Whether you are new to the in-house department or a long-term veteran, the General Counsel or just a basic contract lawyer, there are a number of things that can help make you more successful in your career. I have distilled a lot of hard learned lessons into ten key tips. These are not exhaustive and there are always more, but these are the ten things I consistently taught to my teams over the years.
- Learn the business. Make time to talk with your client and really understand what it is your company does. If you know how the company makes money, you can draft, defend, and advise much better.
- Say it and write it as simply as possible – get to the bottom-line asap. Business people are not interested in the arcane or minutiae. They just want the answer.
- Keep a sense of humor. Will serve you well on good days and bad, and your clients will appreciate it.
- Don’t let the boss be surprised. Whoever you report to should be full informed of anything of importance you are working on. It’s not a great day when the General Counsel hears about a legal issue for the first time from one of the business folks. Similarly, if the first time the Board of Directors hears about a problem is when it’s in the press, that’s not a good day either.
- Listen (listen more than you talk) – make sure you understand what your client is asking/telling you and don’t be afraid to ask questions (but pick your spots in meetings)
- Deliver bad news and good news fairly and honestly. Keep an even keel. Don’t hide or exaggerate. This will build trust between you and the business.
- Communicate frequently. Don’t let the client have to ask you about status. Keep them up to date. Even if you are only telling them that their project is simply still on the pile. They will appreciate you taking the time to keep them posted. And be sure to promptly reply to emails or calls from your clients. Even if you’re just letting them know you are busy but will get back in touch soon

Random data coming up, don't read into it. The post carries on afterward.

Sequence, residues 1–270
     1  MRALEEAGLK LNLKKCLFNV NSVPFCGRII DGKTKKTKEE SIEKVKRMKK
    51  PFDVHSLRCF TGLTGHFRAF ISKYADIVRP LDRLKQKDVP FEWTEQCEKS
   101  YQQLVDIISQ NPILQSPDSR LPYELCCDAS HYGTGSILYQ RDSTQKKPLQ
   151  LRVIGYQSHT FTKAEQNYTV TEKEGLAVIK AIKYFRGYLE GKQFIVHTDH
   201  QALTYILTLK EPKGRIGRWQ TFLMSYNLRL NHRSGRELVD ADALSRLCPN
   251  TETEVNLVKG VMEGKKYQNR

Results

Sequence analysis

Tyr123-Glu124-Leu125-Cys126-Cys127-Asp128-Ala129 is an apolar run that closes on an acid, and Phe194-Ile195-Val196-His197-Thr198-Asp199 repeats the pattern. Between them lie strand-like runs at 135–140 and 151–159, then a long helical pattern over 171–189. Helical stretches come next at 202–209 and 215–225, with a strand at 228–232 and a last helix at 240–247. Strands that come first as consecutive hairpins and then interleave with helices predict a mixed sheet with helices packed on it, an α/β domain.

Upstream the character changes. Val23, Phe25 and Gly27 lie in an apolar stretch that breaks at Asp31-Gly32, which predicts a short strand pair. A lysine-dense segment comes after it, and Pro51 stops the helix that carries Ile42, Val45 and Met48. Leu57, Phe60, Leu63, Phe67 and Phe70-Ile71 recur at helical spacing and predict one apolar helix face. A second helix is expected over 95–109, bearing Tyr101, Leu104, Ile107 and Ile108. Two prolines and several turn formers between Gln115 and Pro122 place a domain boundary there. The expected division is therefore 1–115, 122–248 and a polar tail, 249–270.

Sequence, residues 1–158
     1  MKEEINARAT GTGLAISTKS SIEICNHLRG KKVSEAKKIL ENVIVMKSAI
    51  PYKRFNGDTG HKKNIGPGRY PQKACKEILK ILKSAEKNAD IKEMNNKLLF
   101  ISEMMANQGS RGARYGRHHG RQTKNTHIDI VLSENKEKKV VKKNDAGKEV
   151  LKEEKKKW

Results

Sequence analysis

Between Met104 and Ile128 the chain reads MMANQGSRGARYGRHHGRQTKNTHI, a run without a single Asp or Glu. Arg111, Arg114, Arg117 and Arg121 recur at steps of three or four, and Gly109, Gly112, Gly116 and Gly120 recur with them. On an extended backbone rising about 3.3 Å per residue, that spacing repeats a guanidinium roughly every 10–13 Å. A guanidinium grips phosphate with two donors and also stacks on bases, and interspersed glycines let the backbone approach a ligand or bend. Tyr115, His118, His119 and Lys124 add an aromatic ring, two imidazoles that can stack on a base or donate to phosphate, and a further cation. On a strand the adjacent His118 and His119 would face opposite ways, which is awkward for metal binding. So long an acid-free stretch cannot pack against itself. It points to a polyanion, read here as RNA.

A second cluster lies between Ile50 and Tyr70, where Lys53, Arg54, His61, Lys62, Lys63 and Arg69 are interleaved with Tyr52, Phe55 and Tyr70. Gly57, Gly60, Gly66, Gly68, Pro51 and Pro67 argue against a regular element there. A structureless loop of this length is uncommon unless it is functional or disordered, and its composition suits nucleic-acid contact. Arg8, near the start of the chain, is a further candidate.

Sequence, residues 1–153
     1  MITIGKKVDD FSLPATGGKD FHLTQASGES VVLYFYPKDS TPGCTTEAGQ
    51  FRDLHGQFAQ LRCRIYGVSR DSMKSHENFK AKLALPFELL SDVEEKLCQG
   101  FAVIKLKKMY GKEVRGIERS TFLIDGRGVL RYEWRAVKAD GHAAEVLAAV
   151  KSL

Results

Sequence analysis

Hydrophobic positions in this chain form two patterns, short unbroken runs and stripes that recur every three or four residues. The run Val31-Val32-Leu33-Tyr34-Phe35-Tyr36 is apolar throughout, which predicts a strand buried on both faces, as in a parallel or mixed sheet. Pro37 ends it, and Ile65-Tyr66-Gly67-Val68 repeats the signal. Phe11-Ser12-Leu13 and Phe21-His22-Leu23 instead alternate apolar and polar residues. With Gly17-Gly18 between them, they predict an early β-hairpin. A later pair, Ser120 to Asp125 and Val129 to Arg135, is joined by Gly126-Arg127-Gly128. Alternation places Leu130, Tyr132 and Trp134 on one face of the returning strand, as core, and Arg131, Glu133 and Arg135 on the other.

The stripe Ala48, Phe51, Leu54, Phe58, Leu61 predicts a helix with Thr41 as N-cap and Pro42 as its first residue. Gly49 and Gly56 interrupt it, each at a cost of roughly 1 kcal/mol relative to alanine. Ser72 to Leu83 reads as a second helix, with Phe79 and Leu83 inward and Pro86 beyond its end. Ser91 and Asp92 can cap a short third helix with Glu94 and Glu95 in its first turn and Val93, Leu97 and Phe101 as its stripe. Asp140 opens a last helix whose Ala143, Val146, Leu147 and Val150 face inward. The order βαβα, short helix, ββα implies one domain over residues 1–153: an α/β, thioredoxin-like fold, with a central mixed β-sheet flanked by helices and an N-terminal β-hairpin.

- Know your numbers. Know your budget, even if you only are in charge of one matter. Know what you are spending and why. And be able to explain why you picked the law firm you did for this project. Also, learn how to read a balance sheet, income statement, and cash flow statement. Learn the language of business.
- Step up when the opportunity presents itself. Big litigation. Big contract. Big M&A deal. All of these are opportunities for you to show your stuff. Your boss, the CEO, the Board, will all appreciate hearing you say “I’ll take care of it” and then deliver. Take the time to think through what needs to be done and get moving.
- There’s never enough money, time, or people. Get used to it. No one is doubling your budget or looking to add more lawyers. You are part of a cost center. Costs are for cutting. This is never going to change. So figure out how to work with what you have and focus on how you (or your team) can get more done, get the important stuff done, and get things done more efficiently.
Ten Things You Need to Know as In-House Counsel: Practical Advice and Successful Strategies is now available for sale. Described by the American Bar Association as “The one book all in-house counsel need to own!” Click here for details on how to order. Perfect for your library, or as a gift to clients or members of the legal department (or your next legal offsite).
If you find this blog useful, please click “follow” in the top right and you will get all new editions emailed to you directly. “Ten Things” is not legal advice or legal opinion and represents my views alone. It is intended to provide practical tips and references to the busy in-house practitioner and other readers. If you have questions or comments, please contact me at either firstname.lastname@example.org or email@example.com.
My first book, “The Evolution of Professional Football,” is available for sale on Amazon and at www.SterlingMillerBooks.com.